Image from Heisenberg Media, flickr
Travis Kalanick, founder and chief executive of Uber, the ride-sharing company that has been at the centre of a host of insurance disputes internationally, has stepped down from his position following a shareholder revolt.
Kalanick helped found the company back in 2009. Today, the company operates in 570 cities worldwide and is considered one of the pioneers of the sharing economy model.
According to two people close to the matter, Kalanick’s resignation came after hours of tension between the executive and Uber’s investors. On Tuesday, five of Uber’s major investors demanded that Kalanick resign immediately. One of the investors calling for the founder’s resignation is the venture capital firm Benchmark, which has one of its partners on Uber’s board.
The two sources told The New York Times
that the investors made their demand for Kalanick to step down in a letter delivered to him while he was in Chicago.
Entitled “Moving Uber Forward,” the letter advised Kalanick to immediately leave because the company needed a change in leadership.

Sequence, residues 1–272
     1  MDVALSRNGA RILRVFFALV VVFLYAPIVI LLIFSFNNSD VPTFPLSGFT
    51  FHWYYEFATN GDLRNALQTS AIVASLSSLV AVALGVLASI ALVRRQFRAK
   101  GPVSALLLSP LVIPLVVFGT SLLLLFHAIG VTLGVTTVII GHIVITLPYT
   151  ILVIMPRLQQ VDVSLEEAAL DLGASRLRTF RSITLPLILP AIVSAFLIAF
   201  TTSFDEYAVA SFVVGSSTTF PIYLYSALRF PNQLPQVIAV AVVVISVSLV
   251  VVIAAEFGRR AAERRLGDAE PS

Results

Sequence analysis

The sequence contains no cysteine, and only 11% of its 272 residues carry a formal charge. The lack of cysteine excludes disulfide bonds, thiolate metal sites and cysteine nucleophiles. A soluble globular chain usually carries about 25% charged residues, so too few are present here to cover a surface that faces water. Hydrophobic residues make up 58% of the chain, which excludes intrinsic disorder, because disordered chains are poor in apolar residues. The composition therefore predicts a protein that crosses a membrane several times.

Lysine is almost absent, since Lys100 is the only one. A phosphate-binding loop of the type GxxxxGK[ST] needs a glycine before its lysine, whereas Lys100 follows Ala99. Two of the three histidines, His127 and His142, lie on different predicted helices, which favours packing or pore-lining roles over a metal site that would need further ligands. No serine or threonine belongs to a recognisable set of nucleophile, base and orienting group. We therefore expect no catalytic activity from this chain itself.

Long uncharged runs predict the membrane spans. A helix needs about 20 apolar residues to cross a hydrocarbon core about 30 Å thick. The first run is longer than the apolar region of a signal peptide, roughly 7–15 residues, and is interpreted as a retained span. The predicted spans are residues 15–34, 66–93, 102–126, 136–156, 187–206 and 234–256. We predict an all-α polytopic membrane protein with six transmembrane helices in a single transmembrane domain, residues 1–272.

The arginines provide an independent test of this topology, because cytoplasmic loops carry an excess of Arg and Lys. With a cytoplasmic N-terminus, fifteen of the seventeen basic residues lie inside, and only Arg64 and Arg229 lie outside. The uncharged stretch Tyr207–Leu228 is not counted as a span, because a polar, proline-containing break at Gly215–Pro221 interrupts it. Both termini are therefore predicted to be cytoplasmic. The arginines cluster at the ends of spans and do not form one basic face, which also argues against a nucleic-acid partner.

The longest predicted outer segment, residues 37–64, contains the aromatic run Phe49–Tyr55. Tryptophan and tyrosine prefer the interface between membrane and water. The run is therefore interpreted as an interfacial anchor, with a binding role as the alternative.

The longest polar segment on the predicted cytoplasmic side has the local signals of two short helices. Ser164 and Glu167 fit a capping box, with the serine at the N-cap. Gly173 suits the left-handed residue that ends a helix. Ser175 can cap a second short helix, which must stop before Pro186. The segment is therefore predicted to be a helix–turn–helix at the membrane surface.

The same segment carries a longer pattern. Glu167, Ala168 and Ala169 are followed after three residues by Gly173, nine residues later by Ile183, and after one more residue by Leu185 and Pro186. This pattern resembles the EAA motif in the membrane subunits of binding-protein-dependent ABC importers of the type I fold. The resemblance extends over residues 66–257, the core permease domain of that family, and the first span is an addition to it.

Following the letter’s delivery, Kalanick consulted with a board member on the matter. He finally agreed to step down after long discussions with a number of the investors. He will still remain on Uber’s board of directors.
“I love Uber more than anything in the world and at this difficult moment in my personal life I have accepted the investors request to step aside so that Uber can go back to building rather than be distracted with another fight,” Kalanick said in a statement.
The company’s board issued a statement of its own, saying that Kalanick had “always put Uber first” and that his stepping down would give the company “room to fully embrace this new chapter in Uber’s history.”
Just last week, Kalanick said he would take an indefinite leave of absence from Uber to allow himself time to grieve for his mother, who died last month in a boating accident. He said then that the company’s administration would fall to a committee of over 10 executives in his absence.
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